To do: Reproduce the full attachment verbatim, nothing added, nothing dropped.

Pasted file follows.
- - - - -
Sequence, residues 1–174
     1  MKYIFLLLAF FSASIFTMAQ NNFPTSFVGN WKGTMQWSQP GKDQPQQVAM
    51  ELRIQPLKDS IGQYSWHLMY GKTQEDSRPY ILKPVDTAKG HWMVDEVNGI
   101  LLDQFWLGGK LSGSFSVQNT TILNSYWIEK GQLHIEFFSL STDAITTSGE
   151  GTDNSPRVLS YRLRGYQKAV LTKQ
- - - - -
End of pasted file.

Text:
Sequence, residues 1–174
     1  MKYIFLLLAF FSASIFTMAQ NNFPTSFVGN WKGTMQWSQP GKDQPQQVAM
    51  ELRIQPLKDS IGQYSWHLMY GKTQEDSRPY ILKPVDTAKG HWMVDEVNGI
   101  LLDQFWLGGK LSGSFSVQNT TILNSYWIEK GQLHIEFFSL STDAITTSGE
   151  GTDNSPRVLS YRLRGYQKAV LTKQ